What did Jordan gain from signing the Israel-Jordan Peace Treaty?

[15-09-2021 02:43 PM]

Ammon News - BY Frank Musmar and Najat Al-Saied

On October 26, 1994, leaders of Jordan and Israel signed a peace treaty at Wadi Araba, ending the formal state of war between the countries. The treaty was far more than just a formalization of a de facto ceasefire; it fundamentally changed the nature of the Israeli-Jordanian relationship, enhancing mainly security and economy. Jordan benefited from the treaty in these ways:

A. Security

Strong cooperation between Jordanian and Israeli security forces has repeatedly helped thwart potential terrorist threats to both countries.

A solid security arrangement and clearly defined borders weaken the “Jordan is Palestine” argument.

In 1993, Washington provided Amman with $35 million in economic support; in 2014, the figure was $700 million. In 1993, Jordan received $9 million in US foreign military financing; in 2014, it received $300 million. Jordan also received 58 F-16s and a state-of-the-art counterterrorism facility — the King Abdullah Special Operations Training Center (KASOTC) — which was constructed by the US Army Corps of Engineers in 2006-07.

The intelligence partnership between the US and Jordan became so close that the agency had technical personnel “virtually embedded” at Jordan’s General Intelligence Directorate headquarters.

The agreement cemented the Jordanian kingdom’s position on the roster of pro-Western Middle Eastern states, which enhances its strategic relationship with Washington.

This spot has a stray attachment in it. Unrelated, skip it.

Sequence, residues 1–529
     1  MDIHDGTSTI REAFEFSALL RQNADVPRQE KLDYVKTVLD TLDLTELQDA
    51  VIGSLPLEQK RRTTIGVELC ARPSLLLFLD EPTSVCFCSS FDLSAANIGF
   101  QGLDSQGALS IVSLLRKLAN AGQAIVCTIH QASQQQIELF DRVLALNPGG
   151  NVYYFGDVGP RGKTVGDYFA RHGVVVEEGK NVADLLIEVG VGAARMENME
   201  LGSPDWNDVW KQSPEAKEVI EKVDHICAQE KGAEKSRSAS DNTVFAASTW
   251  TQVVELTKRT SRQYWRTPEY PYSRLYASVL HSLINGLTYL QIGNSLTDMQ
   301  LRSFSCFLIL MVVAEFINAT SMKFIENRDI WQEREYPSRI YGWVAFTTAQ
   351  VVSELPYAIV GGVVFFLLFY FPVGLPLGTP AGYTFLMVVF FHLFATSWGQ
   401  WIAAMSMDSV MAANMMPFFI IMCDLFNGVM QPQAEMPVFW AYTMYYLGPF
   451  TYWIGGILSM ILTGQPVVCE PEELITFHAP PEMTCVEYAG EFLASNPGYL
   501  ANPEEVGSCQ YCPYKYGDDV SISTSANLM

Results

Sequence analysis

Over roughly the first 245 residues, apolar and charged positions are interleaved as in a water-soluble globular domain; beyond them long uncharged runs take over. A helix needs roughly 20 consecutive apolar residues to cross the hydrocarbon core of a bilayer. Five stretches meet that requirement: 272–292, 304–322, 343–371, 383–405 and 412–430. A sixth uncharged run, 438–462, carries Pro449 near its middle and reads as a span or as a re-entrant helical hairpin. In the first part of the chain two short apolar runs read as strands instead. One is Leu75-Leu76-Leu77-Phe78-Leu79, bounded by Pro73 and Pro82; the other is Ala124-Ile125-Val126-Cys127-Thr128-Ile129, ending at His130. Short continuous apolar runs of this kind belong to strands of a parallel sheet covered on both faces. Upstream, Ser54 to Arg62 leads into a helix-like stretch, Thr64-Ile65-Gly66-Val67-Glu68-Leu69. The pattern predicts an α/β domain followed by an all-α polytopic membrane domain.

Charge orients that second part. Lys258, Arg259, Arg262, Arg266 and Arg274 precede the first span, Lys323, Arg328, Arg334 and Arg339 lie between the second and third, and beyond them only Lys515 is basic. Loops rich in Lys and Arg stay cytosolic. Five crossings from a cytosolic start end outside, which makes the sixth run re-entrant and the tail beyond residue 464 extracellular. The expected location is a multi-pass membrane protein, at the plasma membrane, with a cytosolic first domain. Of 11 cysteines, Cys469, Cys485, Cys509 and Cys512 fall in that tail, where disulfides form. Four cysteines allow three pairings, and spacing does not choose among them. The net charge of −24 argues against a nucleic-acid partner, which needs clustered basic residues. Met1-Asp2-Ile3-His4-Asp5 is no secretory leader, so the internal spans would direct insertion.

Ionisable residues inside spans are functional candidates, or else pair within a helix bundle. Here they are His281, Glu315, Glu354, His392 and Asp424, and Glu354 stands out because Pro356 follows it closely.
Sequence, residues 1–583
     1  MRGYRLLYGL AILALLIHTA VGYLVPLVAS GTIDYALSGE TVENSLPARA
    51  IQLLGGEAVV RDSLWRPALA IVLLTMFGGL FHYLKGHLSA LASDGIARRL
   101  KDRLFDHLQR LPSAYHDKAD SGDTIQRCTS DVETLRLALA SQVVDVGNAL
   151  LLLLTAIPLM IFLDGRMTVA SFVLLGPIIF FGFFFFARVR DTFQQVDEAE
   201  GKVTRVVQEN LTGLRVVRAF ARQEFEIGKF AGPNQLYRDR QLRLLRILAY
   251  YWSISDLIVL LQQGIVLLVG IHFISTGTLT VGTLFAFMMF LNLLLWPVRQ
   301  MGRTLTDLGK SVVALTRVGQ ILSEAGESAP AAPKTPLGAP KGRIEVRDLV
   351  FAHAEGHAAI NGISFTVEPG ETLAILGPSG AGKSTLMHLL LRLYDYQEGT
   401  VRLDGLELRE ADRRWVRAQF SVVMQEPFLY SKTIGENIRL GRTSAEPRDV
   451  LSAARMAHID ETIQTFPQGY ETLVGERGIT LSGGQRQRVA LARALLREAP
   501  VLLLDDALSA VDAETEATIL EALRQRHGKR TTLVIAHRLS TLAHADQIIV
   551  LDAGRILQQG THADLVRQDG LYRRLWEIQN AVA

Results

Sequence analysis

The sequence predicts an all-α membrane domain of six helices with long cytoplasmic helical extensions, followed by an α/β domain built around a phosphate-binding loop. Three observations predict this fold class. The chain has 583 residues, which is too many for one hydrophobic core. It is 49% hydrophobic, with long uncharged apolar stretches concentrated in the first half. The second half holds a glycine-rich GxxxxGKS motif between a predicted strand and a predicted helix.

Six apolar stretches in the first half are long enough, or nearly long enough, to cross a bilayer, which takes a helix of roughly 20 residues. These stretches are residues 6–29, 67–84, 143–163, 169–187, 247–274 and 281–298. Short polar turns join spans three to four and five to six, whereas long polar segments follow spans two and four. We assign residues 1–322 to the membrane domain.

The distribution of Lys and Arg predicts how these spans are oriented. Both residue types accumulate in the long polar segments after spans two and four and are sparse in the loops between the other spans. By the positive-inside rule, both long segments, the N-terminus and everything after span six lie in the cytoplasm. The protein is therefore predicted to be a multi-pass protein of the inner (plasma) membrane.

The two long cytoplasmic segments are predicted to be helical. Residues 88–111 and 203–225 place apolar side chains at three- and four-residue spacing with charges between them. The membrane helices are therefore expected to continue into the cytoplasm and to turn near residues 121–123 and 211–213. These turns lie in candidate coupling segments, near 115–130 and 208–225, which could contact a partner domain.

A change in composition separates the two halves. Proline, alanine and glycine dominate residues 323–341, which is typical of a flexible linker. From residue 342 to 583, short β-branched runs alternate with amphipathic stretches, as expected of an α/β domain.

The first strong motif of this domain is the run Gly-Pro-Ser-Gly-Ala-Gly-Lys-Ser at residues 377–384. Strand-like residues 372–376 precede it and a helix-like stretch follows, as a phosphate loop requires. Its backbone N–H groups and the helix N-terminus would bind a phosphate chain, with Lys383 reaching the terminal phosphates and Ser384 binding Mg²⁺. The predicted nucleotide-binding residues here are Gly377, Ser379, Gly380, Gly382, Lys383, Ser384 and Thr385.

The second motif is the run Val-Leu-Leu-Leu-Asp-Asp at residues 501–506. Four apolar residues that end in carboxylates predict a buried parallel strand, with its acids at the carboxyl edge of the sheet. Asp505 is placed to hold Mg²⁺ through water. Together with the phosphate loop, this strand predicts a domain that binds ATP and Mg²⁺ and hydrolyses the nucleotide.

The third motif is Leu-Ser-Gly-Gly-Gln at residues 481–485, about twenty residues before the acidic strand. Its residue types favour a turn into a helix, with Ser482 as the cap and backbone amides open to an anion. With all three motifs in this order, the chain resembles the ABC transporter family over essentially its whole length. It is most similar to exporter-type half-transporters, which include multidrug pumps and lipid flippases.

B. Economy

Strong US commitment to the treaty led to the forgiveness of $700 million in Jordanian debt and an increase in assistance to the point that Jordan is now one of the leading recipients of US aid in the world.

The establishment of Qualifying Industrial Zones (QIZ) boosted the economy. Created by Congress in 1996, the QIZs allow goods produced in Jordan to enter Israel duty-free. The QIZs in Jordan grew from annual exports of $18 million in 1998 to over $560 million in 2003. Between 1996 and 2010, 13 QIZs were established, providing tens of thousands of Jordanians with employment. The value of Jordanian exports to Israel for the same period totaled $60 million, up 15% from 2003.

Another relatively bright spot has been tourism. In 2013, 218,000 Israelis reportedly visited Jordan, while just over 18,000 Jordanians traveled to Israel. There were 24 weekly flights linking the Ben-Gurion and Sde Dov airports with Queen Alia Airport.

Israel signed a “nonbinding letter of intent” to supply Jordan with natural gas from its offshore Leviathan field. The 15-year deal, which requires a new pipeline, is reportedly worth $15 billion. In February, another agreement was reached by which Israel will supply $500 million worth of gas from the Tamar offshore field to two Jordanian industrial plants near the Dead Sea.

The peace treaty initiated Israeli-Jordanian cooperation in a range of strategically essential realms, including water scarcity. This cooperation stipulates that Israel would provide Jordan’s capital with 8-13 billion gallons per year of fresh water from the Sea of Galilee while Jordan would deliver the same amount of desalinated water pumped from Aqaba to Israel’s Negev desert region.


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